Monday, November 30, 2009

2nd Day of Advent: The Crucial Missing Step

I'm madly knitting scarves for Christmas presents this year. I've finished two scarves with keyholes, am making one special cable scarf, and am now working on a different kind of keyhole scarf.

For those not in the know, a keyhole scarf is one with a hole, so that you can pull one end through the other, and tighten it. A neat idea, no?

This new scarf required a new skill, binding off and casting on in the middle of a row. I did okay with the first, and had a book with left-handed instructions for the second part.

But, try as I might, I just couldn't get it. I kept trying it, and it became obvious that I was not going in the right direction. I put my work away a couple of times, considered going back to the nice knitting shop I just discovered today. (Me: Do you have classes here? Clerk: Can you knit and purl? Me: Yes. Clerk: you don't need a class. Just come in and we'll help you.)

I remembered seeing a video on this skill on You Tube, so I looked it up and watched it a couple of times.

There I discovered a crucial step missing from my knitting book: "turn your work," the guide said.

So often, in life, the crucial missing step: Turn your work.

The Kingdom of God is at hand.

Sunday, November 29, 2009

First Sunday of Advent Baptism

I'm so glad that the parents decided to have their baby baptized today, on the first Sunday of Advent, the first DAY of Advent. It was an opportunity to again remember that faith is a gift bestowed on the unsuspecting.

She is three-months old, with sparkling eyes and a beautiful smile. And her mother said she loves baths, so she would be okay with with the water. And she was okay at first, but the water was cold, and that was a little shock, as well it might be. New life should not be too gentle.

Afterwards, we invited some of the children to come up and say hello. A few were too anxious to get to Sunday School to stop, but a few children, the smallest ones, by the way, just stared and stared into the new baby's eyes.

We finished putting together our book of stories, "Faith Passages," and offered it to the members of our congregation. 11 people shared stories of God in their lives.

And today was the Sunday we offer prayers for healing at the close of all of the services. So today, on the first Sunday of Advent, I anointed with oil a new baby, sealed her with the Spirit, and today, on the first Sunday of Advent, I anointed many and prayed for many kinds of healing.

Indeed, faith is a gift bestowed on the unsuspecting. And healing is a gift bestowed on the heart who yearns for it.

Advent bookends.

Friday, November 27, 2009

Christmas Walk

We will be heading out soon to a "Christmas walk" in a small historic town near to us. We have never done this before here, but used to regularly attend a Christmas walk in the Chicago area when we visited at Thanksgiving.

Scout will not be able to come, of course, so I took her on a mid-day walk around the neighborhood. At a park just up the street from us, two small children shouted out, "Can we pet your dog?" Before I could say anything, they started running toward Scout, and she started backing up. So it appeared that today, at least, the answer would be, "no." Scout usually likes small children, but does get a little worried when strangers start running toward her.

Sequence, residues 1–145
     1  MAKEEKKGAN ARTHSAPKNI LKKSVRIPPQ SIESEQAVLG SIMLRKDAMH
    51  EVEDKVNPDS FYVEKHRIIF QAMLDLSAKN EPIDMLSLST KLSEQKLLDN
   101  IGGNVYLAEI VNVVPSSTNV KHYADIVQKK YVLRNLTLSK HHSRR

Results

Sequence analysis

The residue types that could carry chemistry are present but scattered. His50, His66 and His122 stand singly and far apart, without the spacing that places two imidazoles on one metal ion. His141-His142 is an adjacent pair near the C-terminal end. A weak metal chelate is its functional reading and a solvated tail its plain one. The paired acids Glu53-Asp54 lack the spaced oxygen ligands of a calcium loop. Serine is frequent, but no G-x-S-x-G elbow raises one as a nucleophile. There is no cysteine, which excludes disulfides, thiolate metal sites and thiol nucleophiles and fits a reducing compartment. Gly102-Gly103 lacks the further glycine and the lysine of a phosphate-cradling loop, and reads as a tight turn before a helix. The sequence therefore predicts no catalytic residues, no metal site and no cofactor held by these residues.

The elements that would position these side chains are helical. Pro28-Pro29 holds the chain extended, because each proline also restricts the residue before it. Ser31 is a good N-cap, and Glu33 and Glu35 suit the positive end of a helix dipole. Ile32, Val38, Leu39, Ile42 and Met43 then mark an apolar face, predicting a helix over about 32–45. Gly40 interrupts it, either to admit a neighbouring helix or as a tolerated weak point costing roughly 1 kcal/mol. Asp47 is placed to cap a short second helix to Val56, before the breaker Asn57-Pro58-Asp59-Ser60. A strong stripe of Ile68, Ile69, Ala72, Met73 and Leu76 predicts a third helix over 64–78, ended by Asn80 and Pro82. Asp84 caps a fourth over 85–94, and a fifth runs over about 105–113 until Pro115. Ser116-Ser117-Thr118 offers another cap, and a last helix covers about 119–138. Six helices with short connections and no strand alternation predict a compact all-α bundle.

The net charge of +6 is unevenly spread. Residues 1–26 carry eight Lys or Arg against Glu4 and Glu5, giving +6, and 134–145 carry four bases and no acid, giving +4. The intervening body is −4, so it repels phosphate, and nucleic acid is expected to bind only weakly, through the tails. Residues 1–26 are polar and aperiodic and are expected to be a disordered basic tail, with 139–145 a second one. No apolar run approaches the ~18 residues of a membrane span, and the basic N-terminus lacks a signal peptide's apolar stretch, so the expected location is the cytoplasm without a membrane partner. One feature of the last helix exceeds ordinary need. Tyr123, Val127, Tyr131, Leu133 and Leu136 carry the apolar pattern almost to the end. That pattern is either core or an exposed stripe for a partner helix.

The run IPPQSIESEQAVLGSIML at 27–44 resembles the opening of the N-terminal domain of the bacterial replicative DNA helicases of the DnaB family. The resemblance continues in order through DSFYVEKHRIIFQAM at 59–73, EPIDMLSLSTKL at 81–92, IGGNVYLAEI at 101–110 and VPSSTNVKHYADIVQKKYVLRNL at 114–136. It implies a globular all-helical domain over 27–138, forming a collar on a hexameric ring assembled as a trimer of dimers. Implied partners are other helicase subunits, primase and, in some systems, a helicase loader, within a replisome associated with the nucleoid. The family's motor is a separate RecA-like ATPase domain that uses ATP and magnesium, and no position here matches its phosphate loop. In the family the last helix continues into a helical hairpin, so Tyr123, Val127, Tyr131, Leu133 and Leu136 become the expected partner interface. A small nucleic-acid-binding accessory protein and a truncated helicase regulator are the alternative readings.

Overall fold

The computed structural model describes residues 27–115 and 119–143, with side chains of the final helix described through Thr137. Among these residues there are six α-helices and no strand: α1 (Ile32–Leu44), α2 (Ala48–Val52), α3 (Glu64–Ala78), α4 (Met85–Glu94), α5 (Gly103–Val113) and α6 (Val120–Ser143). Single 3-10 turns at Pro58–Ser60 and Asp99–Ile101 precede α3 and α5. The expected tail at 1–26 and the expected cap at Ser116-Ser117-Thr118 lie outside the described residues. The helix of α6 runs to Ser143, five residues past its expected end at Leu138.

The little girl then shouted, "Is that were-wolf dog?" "No," I answered. "Then why does she look like a were-wolf dog?" she asked.

Question: what does a were-wolf dog look like?

Thursday, November 26, 2009

Happy Thanksgiving

A favorite Table Prayer:

O Thou who clothes the lilies,
Who feeds the birds of the sky,
Who leads the lambs to pasture,
And the deer to the waterside,
Who multiplied loaves and fishes,
And changed the water to wine,
Do Thou come to our table as giver
And as our guest to dine. AMEN

If you have a few minutes, share a favorite table prayer.

Wednesday, November 25, 2009

(Corn) Bread Alone

One of the best gifts I ever got was a 60 minute cassette tape, sent to me in a small manila mailer bag.

I was living in Japan at the time, serving as a missionary teacher, and though I was enjoying the people and the sights and the things I was learning, I sometimes missed my family and friends back in the states.

I missed the Minnesota lakes. I missed ordering pizzas (although you can order a bowl of soba in Japan; it arrives in a beautiful bowl, steaming hot). I missed maraconi and cheese, and conversations with friends.

So one day I received this small package from my parents, just an unassuming little cassette. I stuck in in my tape player. The first words I heard were these:

Come Lord Jesus, be our guest
Let these gifts to us be blessed. Amen
(I think my friend from Japan then said: "itadakimasu!", which means: "Let's eat.")

My parents had invited three of my friends over for dinner, and turned on the tape recorder while they were eating. I got to listen in while they ate chili and munched corn bread (I still remember the menu, don't ask why), and discussed mundane and profound thoughts.

There were theological discussions (two of my friends were seminary students), updates on family activities, jokes (probably from my dad) and laughter. I remember feeling both sadness and joy, listening in our their conversation, feeling like I was almost there with them as they passed the corn bread and asked for more coffee, please.

I leaned into the tape recorder, wanting to get closer, and I thought, it's true. one does not live by bread alone.